2. Embrace and reframe conflict. Company-wide discussions about race have the potential to be tense, and getting defensive is the quickest way to halt progress. Because fear of being seen as “confrontational” for either white or minority employees hinders open dialogue, conflict needs to be reframed as a solution-seeking act necessary to progress.
Instead of getting surprised by conflict, expect it, and lean on management and facilitation skills that include listening, being color-cognizant rather than color-blind, responding non-defensively, being open to learning, and self-reflecting about how personal and social identities can influence these interactions.
Research shows employees are more productive and exhibit stronger problem-solving capabilities when they work in diverse groups. Potential conflicts can become opportunities for growth and improved performance when management fosters an environment where discontent can be heard rather than treated as adversarial. Programs like Courageous Conversations, Third Sector New England, and theDiversity Awareness Partnership help company leaders navigate these difficult discussions.
3. Be proactive about inclusion efforts. Every manager should be willing to proactively ask employees to talk about how they feel race has influenced their experience at the company, rather than wait for a crisis situation to emerge before tackling these issues. Preemptive discussions allow managers to direct the conversation in constructive ways and can help prevent future conflicts from spiraling out of control.
Some relevant questions to ask employees might include:
- Have you experienced any barriers to success at this company related to your race?
- Have you noticed any other obstacles in the way to your success?
- Is there anything we can do better to facilitate your success and sense of inclusion.
- In terms of mentorship and promotion, do you sense that those happen without bias?
While there is no one set of concrete steps for creating an inclusive environment in every company, there are concrete steps you can take in your company. If you don’t know what they are, seek out ideas. Ask those you lead, of all races, whether they feel comfortable bringing their whole self to work, if they know about or experience unconscious bias, how they feel race has influenced their experiences at the company, and what changes might help make your workplace more inclusive. If employee resource groups exist, ask for feedback about retention or mentoring.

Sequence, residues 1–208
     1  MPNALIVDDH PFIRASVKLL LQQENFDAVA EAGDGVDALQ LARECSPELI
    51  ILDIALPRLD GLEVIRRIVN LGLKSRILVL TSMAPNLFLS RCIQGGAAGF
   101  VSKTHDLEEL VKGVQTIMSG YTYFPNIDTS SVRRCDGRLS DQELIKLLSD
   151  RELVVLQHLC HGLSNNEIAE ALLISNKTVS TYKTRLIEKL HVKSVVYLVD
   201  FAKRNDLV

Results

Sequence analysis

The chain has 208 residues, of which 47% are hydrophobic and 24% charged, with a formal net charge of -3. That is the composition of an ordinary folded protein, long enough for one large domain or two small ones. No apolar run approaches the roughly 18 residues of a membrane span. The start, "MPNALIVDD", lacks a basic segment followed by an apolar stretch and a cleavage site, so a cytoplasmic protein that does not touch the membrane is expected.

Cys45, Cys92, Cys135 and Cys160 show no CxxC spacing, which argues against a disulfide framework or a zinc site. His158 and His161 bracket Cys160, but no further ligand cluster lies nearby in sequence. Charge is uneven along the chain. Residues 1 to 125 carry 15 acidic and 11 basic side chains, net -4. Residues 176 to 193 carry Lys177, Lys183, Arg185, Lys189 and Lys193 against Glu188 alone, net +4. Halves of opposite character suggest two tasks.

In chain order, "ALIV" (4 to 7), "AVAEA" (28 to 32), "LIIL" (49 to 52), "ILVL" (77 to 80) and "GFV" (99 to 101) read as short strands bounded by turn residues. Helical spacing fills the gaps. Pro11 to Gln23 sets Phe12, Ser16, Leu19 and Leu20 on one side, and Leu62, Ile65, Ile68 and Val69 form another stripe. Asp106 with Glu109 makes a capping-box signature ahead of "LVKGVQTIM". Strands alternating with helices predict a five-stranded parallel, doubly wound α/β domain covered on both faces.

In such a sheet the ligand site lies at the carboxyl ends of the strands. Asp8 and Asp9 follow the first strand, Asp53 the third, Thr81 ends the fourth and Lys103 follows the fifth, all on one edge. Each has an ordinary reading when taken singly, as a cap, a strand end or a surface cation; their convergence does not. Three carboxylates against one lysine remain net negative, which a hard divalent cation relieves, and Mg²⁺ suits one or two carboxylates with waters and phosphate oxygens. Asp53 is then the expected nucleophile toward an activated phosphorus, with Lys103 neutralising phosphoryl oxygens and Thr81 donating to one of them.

And be prepared for some harsh truths. Racial discrimination, tokenism, and the sense of isolation are common concerns. But if you don’t hear, acknowledge, and understand them, you can’t do anything about them.
Retention and engagement of all employees, but in particular employees of color, can improve the bottom line. A study by McKinsey & Company found that organizations ranked in the top quartile of racial diversity are 35% more likely to earn above-average financial returns.
Practice is key, and convening the conversation can go a long way toward improving climate. Yet, while it literally pays to be racially diverse, you can’t leverage what you don’t talk about.
Kira Hudson Banks, Ph.D., is an Assistant Professor in the department of psychology at Saint Louis University, where she researches the experience of discrimination, its impact on mental health, and intergroup relations. Her consulting firm, The Mouse and the Elephant, is committed to developing customized curricula to meet companies’ long-term needs.